in Maryland homes. Recovering currently wasted heat in industrial applications and using it to

make electricity costs around 3 cents per kWh. Industrial and building-scale combined heat and

power would have costs comparable to a standard natural gas combined cycle turbine—but

added efficiency in using waste heat for industrial process or building needs saves money overall

(represented by the white bars surrounded by dotted lines). All of these distributed generation

technologies reduce the need to invest in transmission and distribution infrastructure.

Many renewable energy resources outperform nuclear as well. For example, Delmarva Power

has signed several contracts for wind energy delivered to the PJM transmission network, at 8.1

cents per kWh onshore and 11.7 cents per kWh offshore. In addition, the California Public Utilities

Commission (PUC) estimates that both biogas and small hydropower facilities can deliver

power for up to 5 cents per kWh cheaper than nuclear. According to the California PUC, the

only low-carbon energy source with a higher estimated levelized cost of energy is coal with

carbon capture and storage.

38 Powering Maryland’s Future


Clean Energy Technologies Are a More Cost-Effective

Solution to Global Warming

O

verall, clean energy technologies are a more cost-effective solution to global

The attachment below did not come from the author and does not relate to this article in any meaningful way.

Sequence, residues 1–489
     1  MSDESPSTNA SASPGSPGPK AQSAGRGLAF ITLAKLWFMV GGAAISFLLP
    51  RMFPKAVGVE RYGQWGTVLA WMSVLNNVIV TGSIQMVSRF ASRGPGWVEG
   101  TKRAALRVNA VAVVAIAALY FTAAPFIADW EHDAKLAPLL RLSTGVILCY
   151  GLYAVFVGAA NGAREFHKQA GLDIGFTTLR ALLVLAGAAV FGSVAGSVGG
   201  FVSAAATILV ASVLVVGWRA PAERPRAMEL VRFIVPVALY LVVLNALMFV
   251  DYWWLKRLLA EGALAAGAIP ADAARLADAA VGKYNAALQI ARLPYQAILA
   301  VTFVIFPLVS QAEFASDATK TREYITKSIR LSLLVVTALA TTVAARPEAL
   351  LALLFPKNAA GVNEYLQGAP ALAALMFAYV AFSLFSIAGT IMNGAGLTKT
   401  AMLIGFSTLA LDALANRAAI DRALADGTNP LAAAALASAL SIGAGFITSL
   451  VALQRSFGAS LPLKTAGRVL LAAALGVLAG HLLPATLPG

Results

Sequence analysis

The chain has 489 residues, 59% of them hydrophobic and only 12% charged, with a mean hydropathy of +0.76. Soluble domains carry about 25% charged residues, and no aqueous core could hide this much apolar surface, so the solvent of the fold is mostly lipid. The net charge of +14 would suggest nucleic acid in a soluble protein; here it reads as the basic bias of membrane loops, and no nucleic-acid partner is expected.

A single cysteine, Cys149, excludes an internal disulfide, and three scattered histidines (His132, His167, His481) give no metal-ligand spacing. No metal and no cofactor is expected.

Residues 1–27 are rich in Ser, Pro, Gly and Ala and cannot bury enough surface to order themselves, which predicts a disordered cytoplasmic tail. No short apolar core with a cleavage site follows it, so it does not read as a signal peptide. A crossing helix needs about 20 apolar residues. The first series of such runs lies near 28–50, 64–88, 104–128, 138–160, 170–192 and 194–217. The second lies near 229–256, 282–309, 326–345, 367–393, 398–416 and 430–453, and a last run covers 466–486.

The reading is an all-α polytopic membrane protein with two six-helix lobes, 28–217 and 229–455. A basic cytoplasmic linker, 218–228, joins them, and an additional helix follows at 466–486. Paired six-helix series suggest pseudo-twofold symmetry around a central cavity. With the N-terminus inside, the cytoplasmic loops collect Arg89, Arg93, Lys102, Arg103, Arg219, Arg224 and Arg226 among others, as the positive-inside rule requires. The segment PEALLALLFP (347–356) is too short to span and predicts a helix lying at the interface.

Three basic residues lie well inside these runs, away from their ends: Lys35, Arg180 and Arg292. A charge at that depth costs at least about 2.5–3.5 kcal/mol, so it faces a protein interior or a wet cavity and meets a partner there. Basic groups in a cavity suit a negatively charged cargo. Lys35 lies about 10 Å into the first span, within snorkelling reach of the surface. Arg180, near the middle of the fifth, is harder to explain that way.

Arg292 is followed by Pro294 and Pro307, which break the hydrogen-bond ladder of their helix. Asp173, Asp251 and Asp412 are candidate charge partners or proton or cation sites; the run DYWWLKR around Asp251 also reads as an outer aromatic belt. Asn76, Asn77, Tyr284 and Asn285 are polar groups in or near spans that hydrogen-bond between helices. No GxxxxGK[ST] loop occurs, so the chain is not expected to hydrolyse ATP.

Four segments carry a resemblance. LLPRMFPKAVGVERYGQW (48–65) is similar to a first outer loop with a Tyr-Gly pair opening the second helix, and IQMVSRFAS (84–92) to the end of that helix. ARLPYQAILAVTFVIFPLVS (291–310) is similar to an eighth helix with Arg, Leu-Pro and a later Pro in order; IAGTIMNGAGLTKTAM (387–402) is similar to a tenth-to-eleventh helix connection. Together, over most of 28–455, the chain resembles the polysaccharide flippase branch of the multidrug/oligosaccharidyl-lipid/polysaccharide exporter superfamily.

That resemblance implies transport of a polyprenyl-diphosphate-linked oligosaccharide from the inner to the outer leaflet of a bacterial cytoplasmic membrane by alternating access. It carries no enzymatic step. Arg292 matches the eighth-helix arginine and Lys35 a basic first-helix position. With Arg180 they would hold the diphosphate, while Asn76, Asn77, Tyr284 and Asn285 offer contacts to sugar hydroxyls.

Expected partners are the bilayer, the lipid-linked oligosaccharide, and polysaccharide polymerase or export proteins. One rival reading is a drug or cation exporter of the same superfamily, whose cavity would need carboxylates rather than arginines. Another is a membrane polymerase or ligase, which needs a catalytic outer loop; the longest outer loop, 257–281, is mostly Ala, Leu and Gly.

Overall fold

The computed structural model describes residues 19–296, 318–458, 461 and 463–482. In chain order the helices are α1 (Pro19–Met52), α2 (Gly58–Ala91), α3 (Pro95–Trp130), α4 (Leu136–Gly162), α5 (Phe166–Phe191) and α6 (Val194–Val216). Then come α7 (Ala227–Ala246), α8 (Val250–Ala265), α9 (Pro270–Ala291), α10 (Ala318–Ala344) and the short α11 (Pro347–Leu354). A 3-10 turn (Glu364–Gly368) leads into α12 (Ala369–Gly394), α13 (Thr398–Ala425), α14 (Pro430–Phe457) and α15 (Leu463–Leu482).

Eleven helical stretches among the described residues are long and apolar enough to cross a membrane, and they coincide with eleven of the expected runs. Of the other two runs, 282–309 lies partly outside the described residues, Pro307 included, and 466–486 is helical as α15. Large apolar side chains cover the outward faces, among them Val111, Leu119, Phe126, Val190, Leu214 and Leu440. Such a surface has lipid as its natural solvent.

warming than nuclear power.

Energy efficiency is at least 300 percent more cost-effective at displacing carbon

emissions, and wind power and building-scale cogeneration are on the order of

150 percent more cost-effective than nuclear power. 198 These technologies can help

Maryland meet its global warming emission goals for much less cost.

Fueling Maryland’s Economy

The Nuclear Path

While no macroeconomic analysis has

evaluated the economic consequences

of building a new nuclear power plant at

Calvert Cliffs—perhaps because much of

the underlying financial information is

proprietary—Constellation has claimed

that the project will have economic benefits

for Maryland, including: 201

• $20 million in annual revenue for Calvert

County government,

• 360 new permanent jobs in Calvert

County,

• 4,000 jobs during the peak of construction,

and

• Ancillary economic benefits from housing

and supplying the needs of all of the

new workers.

However, to the extent a new nuclear

reactor increases the price of energy for

Marylanders over what they would pay

under a clean energy course, it could end

up leading to a net job loss statewide. An

authoritative analysis must wait for Constellation

to disclose more specific financial

details of the plant.

The Clean Energy Path

Clean energy can create more jobs and expand

the local economy more than building

a new nuclear reactor at Calvert Cliffs.

Energy efficiency saves consumers

money on their electricity and gas bills. Energy

efficiency programs help consumers

use less energy, which directly translates

into monetary savings. Investments in efficiency

can also make energy cheaper—not

just for those who make the investments,

but for the entire economy. By reducing

demand, energy efficiency programs can

put downward pressure on the price of

electricity and natural gas—delivering

large impacts, rapidly. 202